iv B. Sarwar, G. Karypis, J. Konstan, and J. Riedl. “Incremental singular value decomposition algorithms for highly scalable recommender systems.” In Fifth International Conference on Computer
and Information Science, pp. 27-28. Citeseer, 2002.
v M. W. Berry, S. T. Dumais, and G. W. O’Brien. “Using linear algebra for intelligent information
retrieval.” SIAM review, vol.37, no. 4, pp. 573-595, 1995.
Dataset Suggestion: Jester (dimensions 24983 X 101)- http://www.ieor.berkeley.edu/ goldberg/jesterdata/
3. Robust Linear Regression
This paper studies a robust linear regression problem based on OMP.
3
(a) Read the entire paper carefully (including the appendix) and implement the original GARD
algorithm (see Algorithm 1 on page 4). The authors further use Cholesky decomposition to speed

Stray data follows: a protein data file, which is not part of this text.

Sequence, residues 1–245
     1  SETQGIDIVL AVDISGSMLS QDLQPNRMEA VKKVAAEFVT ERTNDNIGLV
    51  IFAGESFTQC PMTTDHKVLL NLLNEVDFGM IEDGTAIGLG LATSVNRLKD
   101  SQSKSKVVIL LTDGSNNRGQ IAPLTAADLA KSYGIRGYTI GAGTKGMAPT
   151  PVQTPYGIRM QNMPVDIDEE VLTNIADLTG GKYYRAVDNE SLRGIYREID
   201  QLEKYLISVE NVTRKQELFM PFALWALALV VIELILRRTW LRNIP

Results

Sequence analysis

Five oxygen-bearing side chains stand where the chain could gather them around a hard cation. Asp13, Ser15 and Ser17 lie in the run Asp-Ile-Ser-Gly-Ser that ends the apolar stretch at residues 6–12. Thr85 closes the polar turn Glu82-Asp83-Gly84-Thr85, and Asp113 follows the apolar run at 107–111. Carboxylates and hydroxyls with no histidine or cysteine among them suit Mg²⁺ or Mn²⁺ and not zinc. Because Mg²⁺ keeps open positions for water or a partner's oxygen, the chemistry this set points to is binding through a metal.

up their algorithm. Try to use QR decomposition as well as Matrix Inversion Lemma instead of
Cholesky decomposition for faster implementation.
(b) Compare GARD (one of your fast implementations) with least squares and M-estimators (see
MATLAB robustfit function, and choose any two weight functions) by conducting the experiments
described in section V.A, V.C, V.D of the paper (no need to compare with other methods listed
in the paper).
(c) In experiment section V.A, compare the run-time of all versions of GARD (original, QR, Matrix Inversion Lemma) with least squares and M-estimators. Finally, test these methods on any two real
datasets given below: http://people.sc.fsu.edu/ jburkardt/datasets/regression/regression.html (x01.txtx28.txt) E.g., The selling price of houses is to be represented as a function of 11 variables:
http://people.sc.fsu.edu/ jburkardt/datasets/regression/x26.txt
References: